29.07.2016 - GlaxoSmithKline has in-licensed Janssen’s anti-IL-33R monoclonal antibody for severe asthma. The British drugmaker is paying €208m up front for the mAb.
CNTO 7160 prevents interleukin-33 from binding to the ST2 receptor (IL-33R). This pathway is considered to be a promising target for the treatment of asthma. Promising enough that British pharma major GlaxoSmithKline is paying £175m (€208m) up front to Janssen Sciences Ireland UC for the exclusive, worldwide license.
“The IL-33 receptor antibody joins our diverse respiratory R&D portfolio of targeted biological therapies and offers the potential to block a fundamental driver of the disease,” said Dave Allen, Head of Respiratory R&D at GSK.
Under the terms of the agreement, GSK will assume all development, manufacturing and commercialisation activities worldwide with the exception of the ongoing phase I study, which Janssen will continue to run through to completion. Janssen will receive up to £175 million comprising an upfront payment, development and first commercial sales milestones, in addition to tiered royalties on sales and further considerations contingent on future sales performance.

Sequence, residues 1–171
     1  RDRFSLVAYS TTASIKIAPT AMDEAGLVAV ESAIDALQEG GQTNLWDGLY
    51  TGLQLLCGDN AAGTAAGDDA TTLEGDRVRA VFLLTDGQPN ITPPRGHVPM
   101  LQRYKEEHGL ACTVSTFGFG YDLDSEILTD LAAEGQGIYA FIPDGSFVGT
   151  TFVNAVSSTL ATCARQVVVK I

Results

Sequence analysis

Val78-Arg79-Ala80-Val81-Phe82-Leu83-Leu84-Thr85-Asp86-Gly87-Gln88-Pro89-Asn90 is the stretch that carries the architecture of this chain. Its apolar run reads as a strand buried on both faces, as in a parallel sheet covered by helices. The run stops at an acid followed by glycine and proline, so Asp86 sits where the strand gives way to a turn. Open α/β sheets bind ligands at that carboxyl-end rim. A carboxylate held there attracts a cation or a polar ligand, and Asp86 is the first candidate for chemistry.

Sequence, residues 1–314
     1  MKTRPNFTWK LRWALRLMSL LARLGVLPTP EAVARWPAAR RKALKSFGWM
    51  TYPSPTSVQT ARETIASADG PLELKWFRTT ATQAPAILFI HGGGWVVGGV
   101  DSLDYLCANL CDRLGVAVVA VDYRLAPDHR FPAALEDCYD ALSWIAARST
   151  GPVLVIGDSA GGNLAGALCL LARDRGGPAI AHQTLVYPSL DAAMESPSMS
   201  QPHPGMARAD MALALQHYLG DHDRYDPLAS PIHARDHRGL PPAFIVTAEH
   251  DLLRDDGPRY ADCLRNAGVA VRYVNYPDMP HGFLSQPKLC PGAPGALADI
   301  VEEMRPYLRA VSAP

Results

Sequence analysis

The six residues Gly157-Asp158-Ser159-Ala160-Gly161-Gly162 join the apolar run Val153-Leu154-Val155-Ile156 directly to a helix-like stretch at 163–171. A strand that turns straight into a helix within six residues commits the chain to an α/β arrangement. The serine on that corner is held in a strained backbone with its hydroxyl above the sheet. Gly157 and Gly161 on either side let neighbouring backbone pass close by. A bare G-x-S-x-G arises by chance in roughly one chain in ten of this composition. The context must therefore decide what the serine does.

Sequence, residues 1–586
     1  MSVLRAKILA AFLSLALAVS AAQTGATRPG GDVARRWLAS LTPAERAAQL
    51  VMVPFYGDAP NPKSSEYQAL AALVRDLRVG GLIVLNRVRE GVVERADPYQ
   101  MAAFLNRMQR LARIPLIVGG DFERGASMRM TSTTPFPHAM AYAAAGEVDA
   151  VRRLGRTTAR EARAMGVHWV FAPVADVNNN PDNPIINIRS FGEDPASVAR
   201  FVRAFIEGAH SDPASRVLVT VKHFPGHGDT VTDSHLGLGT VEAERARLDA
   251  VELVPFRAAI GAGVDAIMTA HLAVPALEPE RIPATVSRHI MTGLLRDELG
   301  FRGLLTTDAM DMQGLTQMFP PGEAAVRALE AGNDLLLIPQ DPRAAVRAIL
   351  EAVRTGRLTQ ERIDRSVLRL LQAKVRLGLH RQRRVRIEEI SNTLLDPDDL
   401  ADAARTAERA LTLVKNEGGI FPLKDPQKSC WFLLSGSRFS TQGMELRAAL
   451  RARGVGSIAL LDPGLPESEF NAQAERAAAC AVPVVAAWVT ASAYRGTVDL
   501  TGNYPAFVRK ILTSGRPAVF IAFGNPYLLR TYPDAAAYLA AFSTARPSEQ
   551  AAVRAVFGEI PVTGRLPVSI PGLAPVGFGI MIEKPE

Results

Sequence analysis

Allen added: “Following our recent successful launch of a first-in-class biologic for severe asthma in an eosinophilic population, we plan to investigate this asset’s potential to treat other targeted populations, for which there are currently no effective medicines.”
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12.07.2016 Vienna-based vaccine specialist Themis Bioscience GmbH has secured broad access to a promising virus vaccine vector tech by extending its license agreement with French Institut Pasteur. Its goal: to develop a Zika vaccine.
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06.07.2016 The European Commission started an investigation into Illumina’s and Sequenom’s 2014 patent agreement, UK-competitor Premaitha Health said. The two US companies had agreed to pool their Noninvasive Prenatal Testing IP.
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